Analysis

‘Unprecedented’: Federal judge rescinds order allowing abortions by non-doctors

abortion, Virginia

Less than two weeks ago, federal Judge Henry Hudson ruled that a 1975 Virginia law was unconstitutional. The law declared that only doctors could commit abortions, but Hudson’s ruling changed that, allowing midwives, nurses, and physician’s assistants to commit them as well. But now, Hudson has surprisingly changed course, rescinding his own order.

The Virginia Department of Health had pushed for the law to be overturned, arguing that “[a] medication abortion requires even less physician time, and can be done via Skype — meaning that the physician does not have to be in the same room (or even the same city) as the abortion patient.” Hudson agreed, saying that having abortions on-site was not “medically beneficial.”

Tuesday, however, Hudson changed his mind. “On further review, the Court is of the opinion that summary judgment was improvidently awarded,” he wrote. “Rather, on further consideration, whether the ‘Physicians-Only Law’ presents an undue burden to Virginia women who seek an abortion is a material fact that is genuinely in dispute.”

READ: Are Virginia Democrats still supporting extreme pro-abortion legislation?

The case will now go to trial in Richmond next week, and the abortion industry is already preparing to fight. “There is overwhelming evidence that medical professionals other than physicians can safely and effectively provide abortion care,” Jenny Ma, lead counsel for the Center for Reproductive Rights, told the Washington Post. “We will be presenting this evidence at trial next week.” They are likewise seeking to overturn similar laws in Maine, Mississippi, Arizona, Kansas, and Louisiana.

The Family Foundation of Virginia, meanwhile, lauded Hudson’s decision. “We’re thrilled that Judge Hudson took this extraordinary step to reverse his earlier decision that jeopardizes women’s health,” president Victoria Cobb said in a statement that called the decision to rescind “nearly unprecedented.”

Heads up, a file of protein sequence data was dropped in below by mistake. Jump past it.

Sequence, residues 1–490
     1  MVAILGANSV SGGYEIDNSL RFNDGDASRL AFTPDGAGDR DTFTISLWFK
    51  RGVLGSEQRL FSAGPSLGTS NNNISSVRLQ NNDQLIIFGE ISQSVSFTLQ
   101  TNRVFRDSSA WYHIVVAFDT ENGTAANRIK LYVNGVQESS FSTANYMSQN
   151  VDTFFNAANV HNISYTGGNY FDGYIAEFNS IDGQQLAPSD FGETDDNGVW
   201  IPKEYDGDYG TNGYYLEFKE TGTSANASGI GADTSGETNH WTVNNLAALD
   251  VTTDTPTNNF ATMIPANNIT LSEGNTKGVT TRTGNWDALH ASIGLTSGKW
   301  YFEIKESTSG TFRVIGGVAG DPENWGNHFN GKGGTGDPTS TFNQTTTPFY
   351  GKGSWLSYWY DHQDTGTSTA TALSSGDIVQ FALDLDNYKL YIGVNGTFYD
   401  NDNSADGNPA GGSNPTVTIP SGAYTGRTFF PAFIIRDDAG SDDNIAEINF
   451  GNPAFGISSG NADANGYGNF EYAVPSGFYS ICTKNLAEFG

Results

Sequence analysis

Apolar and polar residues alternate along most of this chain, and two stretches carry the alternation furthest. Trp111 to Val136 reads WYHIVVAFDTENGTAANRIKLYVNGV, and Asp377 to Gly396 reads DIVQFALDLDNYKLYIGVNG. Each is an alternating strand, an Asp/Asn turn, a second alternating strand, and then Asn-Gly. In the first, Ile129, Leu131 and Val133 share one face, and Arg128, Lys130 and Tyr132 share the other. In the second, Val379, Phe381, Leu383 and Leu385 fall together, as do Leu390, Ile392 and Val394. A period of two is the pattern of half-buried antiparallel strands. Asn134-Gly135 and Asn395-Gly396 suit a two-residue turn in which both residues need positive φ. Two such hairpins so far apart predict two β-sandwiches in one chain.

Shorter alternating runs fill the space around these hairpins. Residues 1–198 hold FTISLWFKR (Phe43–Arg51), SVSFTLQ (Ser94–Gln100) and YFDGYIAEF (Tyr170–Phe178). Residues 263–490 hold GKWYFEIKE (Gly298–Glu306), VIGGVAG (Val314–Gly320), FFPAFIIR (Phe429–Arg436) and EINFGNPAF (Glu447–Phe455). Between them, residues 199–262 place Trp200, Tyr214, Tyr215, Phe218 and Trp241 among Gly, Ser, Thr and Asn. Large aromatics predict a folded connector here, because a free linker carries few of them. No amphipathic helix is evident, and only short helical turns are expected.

Previously, the state of Virginia has argued that it is burdensome to require that a qualified physician be the one to commit abortions, particularly when it comes to abortion pills. But medication abortion isn’t as simple as it’s made out to be.

 

Many women have openly talked about the horrors they experienced after a medication abortion; they were led to believe it would be similar to their period, only to realize afterwards that it’s quite different. Women have called it “terrifying” and the “worst pain” they’ve ever felt.

Some women have bled for weeks after taking abortion pills; others have experienced side effects such as nausea, vomiting, diarrhea, and abdominal pain. Some women have died, often because women had an undiagnosed ectopic pregnancy, were further along than they believed, or got an infection. And these cases underscore exactly why doctors are actually needed to oversee abortions, even if it’s “just” abortion pills.

Abortion activists claim abortion needs to be legal so women have access to a doctor, instead of being butchered in a back-alley procedure. But now they’re agitating for women to be able to go through with abortions without a doctor overseeing it, which begs the question: is this really about women’s safety, or is it about expanding the abortion industry at all costs?

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